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Thread: What could you do with this (Deckel)

  1. #1
    Join Date
    Dec 2003
    Location
    Regina and Assiniboia, Saskatchewan
    Posts
    5,950

    Post What could you do with this (Deckel)

    I can't stand it anymore...I have to know what these are used for.
    I don't get it!!! The major part of the machine is very stout but the overarm is sorta flimsy.
    What the heck where these used for anyway?
    No...I don't want to buy it (well...ok..I do but...)
    I'm just curious what these are all about.
    Thanks!
    Russ
    http://cgi.ebay.ca/DECKEL-GK12-3D-PA...QQcmdZViewItem
    I have tools I don't even know I own...

  2. #2
    Join Date
    Sep 2005
    Posts
    179

    Post

    Primarily they are used for engraving letters and the like, they used to be used for mold work a lot, a pattern maker would make a scaled up version of the mold, and the Deckel could be used to make a 'real size' one in the steel. Some of the guys that really knew how to use them were almost like artists in the day, but 3D CNC milling and edm have pretty much eliminated them.

    We still have one at work, we use it for lettering Cavity I.D. pins, date pins and the like, sometimes we have to engrave part numbers into the mold at customer's request, we usually use the Deckel for that.

    However, to use them for that, requires rails to mount the letters in, and all the letters. In our case, we most often use reverse sets, if you are doing stuff that will be read directly, then you use standard sets. Every different font requires another set of letters/numerals, they aren't very cheap either.

    Just out of curiousity, I've sent a question to the seller asking if they have any of the character sets. I've always thought I'd like one of these for myself, but without the character sets, I really wouldn't have a use for it.

    Mark

  3. #3
    Join Date
    May 2002
    Posts
    388

    Post

    dictionary says
    Pantograph:
    " An instrument for copying a plane figure to a desired scale, consisting of styluses for tracing and copying mounted on four jointed rods in the form of a parallelogram with extended sides."

    Probably not a lot of stress on the upper parts if you are doing lettering or engraving. Small cutter at fairly high speed and a little looser tolerances than some kinds of machining. Don't know for sure but that's how I'd interpret it.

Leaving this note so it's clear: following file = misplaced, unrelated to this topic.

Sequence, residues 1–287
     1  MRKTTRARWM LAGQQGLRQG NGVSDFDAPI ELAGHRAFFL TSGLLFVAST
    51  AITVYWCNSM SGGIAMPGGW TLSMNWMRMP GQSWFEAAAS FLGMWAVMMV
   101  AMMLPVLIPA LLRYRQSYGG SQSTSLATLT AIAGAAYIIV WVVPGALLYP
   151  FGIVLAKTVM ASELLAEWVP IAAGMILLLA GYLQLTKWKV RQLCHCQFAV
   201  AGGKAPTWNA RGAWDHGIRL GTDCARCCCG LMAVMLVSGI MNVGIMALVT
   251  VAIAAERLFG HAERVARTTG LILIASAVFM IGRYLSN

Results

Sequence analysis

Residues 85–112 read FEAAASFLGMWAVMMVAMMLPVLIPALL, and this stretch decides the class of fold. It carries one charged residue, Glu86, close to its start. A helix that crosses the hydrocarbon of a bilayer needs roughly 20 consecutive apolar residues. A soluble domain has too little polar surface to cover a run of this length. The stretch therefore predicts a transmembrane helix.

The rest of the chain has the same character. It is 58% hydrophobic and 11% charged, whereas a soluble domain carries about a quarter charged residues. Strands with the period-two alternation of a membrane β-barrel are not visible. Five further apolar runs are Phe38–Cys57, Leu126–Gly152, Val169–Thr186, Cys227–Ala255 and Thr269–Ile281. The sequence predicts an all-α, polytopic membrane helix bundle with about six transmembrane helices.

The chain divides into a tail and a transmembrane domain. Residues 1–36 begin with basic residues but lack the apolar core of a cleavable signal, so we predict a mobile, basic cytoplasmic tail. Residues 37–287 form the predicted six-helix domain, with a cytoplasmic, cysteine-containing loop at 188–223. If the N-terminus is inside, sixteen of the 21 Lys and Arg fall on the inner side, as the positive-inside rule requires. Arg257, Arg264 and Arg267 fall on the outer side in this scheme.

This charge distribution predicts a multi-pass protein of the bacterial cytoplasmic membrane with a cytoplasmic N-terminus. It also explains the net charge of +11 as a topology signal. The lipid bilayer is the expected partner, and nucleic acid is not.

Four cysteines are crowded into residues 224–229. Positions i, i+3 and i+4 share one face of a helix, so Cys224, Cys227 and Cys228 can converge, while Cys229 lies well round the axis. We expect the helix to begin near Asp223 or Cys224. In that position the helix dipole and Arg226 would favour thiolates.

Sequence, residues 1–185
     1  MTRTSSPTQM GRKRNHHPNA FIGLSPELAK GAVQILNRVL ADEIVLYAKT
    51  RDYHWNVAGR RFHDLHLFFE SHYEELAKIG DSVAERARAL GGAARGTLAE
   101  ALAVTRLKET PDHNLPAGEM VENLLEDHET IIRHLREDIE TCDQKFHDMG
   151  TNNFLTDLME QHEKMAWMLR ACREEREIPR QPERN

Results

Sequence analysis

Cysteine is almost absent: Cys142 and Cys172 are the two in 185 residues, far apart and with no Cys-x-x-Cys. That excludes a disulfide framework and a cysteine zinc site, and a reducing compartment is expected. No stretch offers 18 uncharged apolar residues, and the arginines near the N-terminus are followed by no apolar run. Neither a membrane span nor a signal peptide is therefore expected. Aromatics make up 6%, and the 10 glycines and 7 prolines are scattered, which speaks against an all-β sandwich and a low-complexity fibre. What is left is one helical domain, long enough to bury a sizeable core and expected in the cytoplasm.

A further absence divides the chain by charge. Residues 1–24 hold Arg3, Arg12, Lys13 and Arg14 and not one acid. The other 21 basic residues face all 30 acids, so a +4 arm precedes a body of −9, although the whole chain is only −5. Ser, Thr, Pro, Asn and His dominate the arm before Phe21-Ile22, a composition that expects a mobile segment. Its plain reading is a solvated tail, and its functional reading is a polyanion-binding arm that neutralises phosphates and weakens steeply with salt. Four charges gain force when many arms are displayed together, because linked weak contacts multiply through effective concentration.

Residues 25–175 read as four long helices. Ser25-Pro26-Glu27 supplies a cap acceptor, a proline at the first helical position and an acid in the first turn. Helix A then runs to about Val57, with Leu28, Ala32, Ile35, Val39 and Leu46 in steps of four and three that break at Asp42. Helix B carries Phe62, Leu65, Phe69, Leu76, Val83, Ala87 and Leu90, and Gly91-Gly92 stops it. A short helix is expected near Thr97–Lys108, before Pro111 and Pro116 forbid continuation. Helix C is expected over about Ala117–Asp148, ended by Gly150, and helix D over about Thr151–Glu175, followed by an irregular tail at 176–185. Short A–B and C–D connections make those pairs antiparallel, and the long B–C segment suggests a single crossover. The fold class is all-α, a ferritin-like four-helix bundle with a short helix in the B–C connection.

4. #4
    Join Date
    Sep 2004
    Location
    Edison Washington
    Posts
    1,087

    Post

    I have a US made version of this, a Gorton, which is generally thought to be a little lower in quality than a deckel.
    Mine is a 2d machine, so it is only good for engraving things like lettering. The 3d machines can be used for moldmaking, and for making things like stamping dies for commemorative coins.

    I was lucky enough to get mine with about a pickup truck load of tooling, including about 25 typestyles, both regular and reverse. New, these fonts of brass type run almost a thousand dollars each now from Gorton!!

    I engrave plaques from time to time, put text on metal or plastic parts, and oddball stuff like that. While it looks something like a milling machine, it is not.
    It is more like a big industrial version of the Hermes engraver they use to make those woodgrain signs on office doors.

  5. #5
    Join Date
    Oct 2004
    Location
    Prestatyn, North-Wales
    Posts
    6,007

    Post

    The main section of the panto arms are suported on double bearings top and bottom
    so i would hardly descibe it as flimsy..
    pic



    all the best.mark

  6. #6
    Join Date
    Aug 2003
    Posts
    544

    Post

    Flimsy is not a word I would use to describe a Deckel Pantograph. I ran one for many years building mold cavity's. I have run one with a 3/8-1/2" ball nose endmill in the spindle for hours on end. The machines are very very capable and very stout. We would make a model for say a pot handle cavity at 2X size and then mount it to the tracing table. You then make a stylus to trace the pattern at 2x the size of your chosen cutter, line up the cutter and stylus, free the 3rd axis and begin to trace the pattern and raise the Z axis knee up and it will cut the material from the cavity. These machine are very fast and in some instances are still faster than a good modern CNC at duplicating a bunch of cavity's. The hand is very senstive compared to the spindle of a CNC and the CNC never knows when to slow down like you do when running a machine by hand. The machine I ran was a Deckel GK12 also. If the scales (machined on top of the arms) on the upper arms are wore off the machine is useless. As far as accuracy I could hold tolerances as tight as any standard mill could. If the cavity comes out small change your stylus ratio and retrace the part. These machines are very, very good at what they do, never underestimate them. I would love to own one. I also made many electrodes for our EDM machines on them along with tons of engraving.
    We used to build molds and do Logos for a company in Sarasota florida (Suncoast Plastics) that manufactured jar lids in plastic. I have engraved Kodak, IBM, Xerox, Peter Pan, GM, Ford, Chryler, Polaroid, Colt, Texas Instruments and many other logos into molds and stamps over the years that I ran one.

    [This message has been edited by Mcruff (edited 01-29-2006).]

    [This message has been edited by Mcruff (edited 01-29-2006).]

    [This message has been edited by Mcruff (edited 01-29-2006).]

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